The main source of the Book of Abraham, however, is the King James Version of the Bible. Abraham 2 is a revision and expansion of Genesis 11:28-29 and Genesis 12:1-13, rewritten as a first-person account by Abraham himself. Abraham 4-5 is a revision of Genesis 1-2, rewritten to say that “the Gods” (rather than one God) “organized” (rather than created) the world. The article is misleading when it states that Joseph Smith used “the language of the King James Bible” because it was “the idiom of scripture familiar to early Latter-day Saints.” The fact is that three of the five chapters are clearly composed using the KJV as the base source. For example, the Book of Abraham says, “Now the Lord had said unto me: Abraham, get thee out of thy country, and from thy kindred, and from thy father’s house, unto a land that I will show thee” (Abr. 2:3). This verse is verbally identical to Genesis 12:1, except for the insertion of the word “me” to make it a first-person account. The Book of Abraham also repeats minor translation mistakes of the KJV, such as “the plains of Moreh” (Abr. 2:18; “plain of Moreh,” Gen. 12:6 KJV), when the Hebrew word ’ēlôn means “oak” (or perhaps a similar large, great tree), not “plain” or “plains.”

  1. What Difference Does It Make If the Book of Abraham Is Not Authentic?

It makes a lot of difference. We may mention just some of the ramifications here.

First, the Book of Abraham is proof that Joseph Smith did not have a supernatural gift of translation. That is a crucial point, since Mormonism was founded on his claim to have translated the Book of Mormon “by the gift and power of God.” The Book of Abraham is a “smoking gun” demonstrating that Joseph’s claim to be an inspired translator was fraudulent.

Second, since the Book of Abraham is not authentic, there is no reason to accept its doctrinal teachings as inspired by God. At least three major doctrinal errors are taught in the Book of Abraham: (1) Human beings existed before the formation of the earth as “intelligences” (Abraham 3:22-26). (2) The world was formed by multiple “Gods” (Abraham 4). (3) The lineage of Ham—meaning black people—were ineligible to receive the priesthood because a curse was on them (Abraham 1:21-28). It should be noted that the LDS Church, in another of its recent Gospel Topics articles, denied that blacks were ever under a curse—implicitly throwing out the teaching of the Book of Abraham on this point.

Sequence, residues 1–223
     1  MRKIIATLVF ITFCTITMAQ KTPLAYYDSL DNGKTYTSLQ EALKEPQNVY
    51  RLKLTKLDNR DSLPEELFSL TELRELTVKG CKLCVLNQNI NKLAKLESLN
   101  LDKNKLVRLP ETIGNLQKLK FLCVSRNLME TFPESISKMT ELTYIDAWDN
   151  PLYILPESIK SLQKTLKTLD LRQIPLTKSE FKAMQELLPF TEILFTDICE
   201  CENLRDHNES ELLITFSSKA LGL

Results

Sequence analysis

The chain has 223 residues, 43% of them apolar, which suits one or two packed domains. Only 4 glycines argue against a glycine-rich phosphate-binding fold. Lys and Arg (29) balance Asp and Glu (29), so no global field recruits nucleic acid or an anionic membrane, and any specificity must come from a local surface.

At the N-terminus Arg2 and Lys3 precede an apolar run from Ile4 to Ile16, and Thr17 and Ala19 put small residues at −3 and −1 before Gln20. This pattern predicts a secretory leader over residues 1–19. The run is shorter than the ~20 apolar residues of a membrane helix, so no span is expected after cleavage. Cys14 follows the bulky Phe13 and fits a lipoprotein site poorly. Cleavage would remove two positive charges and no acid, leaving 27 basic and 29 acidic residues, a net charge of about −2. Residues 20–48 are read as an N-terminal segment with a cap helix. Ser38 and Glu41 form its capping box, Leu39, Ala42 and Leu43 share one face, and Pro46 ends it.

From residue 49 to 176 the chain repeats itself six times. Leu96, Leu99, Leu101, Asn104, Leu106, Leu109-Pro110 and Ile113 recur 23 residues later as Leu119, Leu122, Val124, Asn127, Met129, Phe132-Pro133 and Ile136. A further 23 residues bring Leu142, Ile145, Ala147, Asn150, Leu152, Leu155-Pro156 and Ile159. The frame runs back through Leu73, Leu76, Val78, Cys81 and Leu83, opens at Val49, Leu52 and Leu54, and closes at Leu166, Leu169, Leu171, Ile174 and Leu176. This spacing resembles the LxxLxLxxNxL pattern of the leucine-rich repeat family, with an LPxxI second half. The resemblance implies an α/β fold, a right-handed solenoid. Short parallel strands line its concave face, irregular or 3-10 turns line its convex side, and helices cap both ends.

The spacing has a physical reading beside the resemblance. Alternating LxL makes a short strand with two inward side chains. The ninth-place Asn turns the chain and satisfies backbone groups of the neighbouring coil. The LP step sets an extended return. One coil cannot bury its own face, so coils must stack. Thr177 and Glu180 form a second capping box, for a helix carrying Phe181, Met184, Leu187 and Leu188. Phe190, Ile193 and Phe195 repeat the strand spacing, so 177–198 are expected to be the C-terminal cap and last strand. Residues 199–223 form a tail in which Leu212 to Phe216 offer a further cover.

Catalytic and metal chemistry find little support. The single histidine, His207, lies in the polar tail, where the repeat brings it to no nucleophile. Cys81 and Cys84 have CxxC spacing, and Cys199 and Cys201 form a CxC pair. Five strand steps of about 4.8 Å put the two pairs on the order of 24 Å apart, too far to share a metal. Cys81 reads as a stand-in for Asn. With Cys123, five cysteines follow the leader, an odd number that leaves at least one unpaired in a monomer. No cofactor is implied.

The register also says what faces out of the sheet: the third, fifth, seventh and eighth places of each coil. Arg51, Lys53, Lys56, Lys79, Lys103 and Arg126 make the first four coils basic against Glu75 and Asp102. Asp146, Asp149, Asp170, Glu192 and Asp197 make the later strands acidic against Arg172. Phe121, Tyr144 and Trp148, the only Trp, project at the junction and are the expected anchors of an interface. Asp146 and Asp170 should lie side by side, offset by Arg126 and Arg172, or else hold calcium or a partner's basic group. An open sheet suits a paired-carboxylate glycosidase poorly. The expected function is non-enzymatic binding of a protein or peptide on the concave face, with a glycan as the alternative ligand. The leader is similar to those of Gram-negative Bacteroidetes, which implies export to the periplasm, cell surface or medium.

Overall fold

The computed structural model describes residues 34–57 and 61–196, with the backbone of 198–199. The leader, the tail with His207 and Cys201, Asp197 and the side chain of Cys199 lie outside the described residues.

Third, the inability of the LDS Church’s presidents, its “living prophets,” to address this problem authoritatively since the papyri surfaced calls into question their claim to be prophets. After nearly half a century since the papyri were rediscovered and translated, the LDS Church is no closer to a clear answer to the question, was the Book of Abraham actually written in Egyptian on the papyri? They don’t know. The “only true and living church upon the face of the whole earth” (D&C 1:30), led by a series of presidents each of whom has been “a prophet, seer, and revelator” (D&C 21:1), has no idea how to explain the relationship between the book and the papyri. The new article is not written by Thomas Monson, the current LDS president, nor was it written by any of the Church’s apostles. Like all of the other recent problematic Gospel Topics articles, it is an unsigned article based, as a statement at the end explains, on “the contribution of scholars.”


For Further Study

The Institute for Religious Research (IRR) has produced a number of resources on the Book of Abraham that have helped many thousands of Mormons recognize that Joseph Smith’s claim to be an inspired translator and prophet was false. These resources include Charles Larson’s book By His Own Hand upon Papyrus—the first publication to provide full-color photographs of the Joseph Smith Papyri—and the award-winning documentary The Lost Book of Abraham. They can be read or viewed from our Book of Abraham page and can also be obtained as a printed book and a DVD.

In addition, we highly recommend The Joseph Smith Papyri: A Complete Edition, by University of Chicago Egyptologist Robert K. Ritner, with contributions by three other scholars. It is now the definitive academic reference work on the subject. Professor Ritner also wrote an excellent, lengthy critique of the new article on the Book of Abraham, which he has graciously permitted us to place on our website.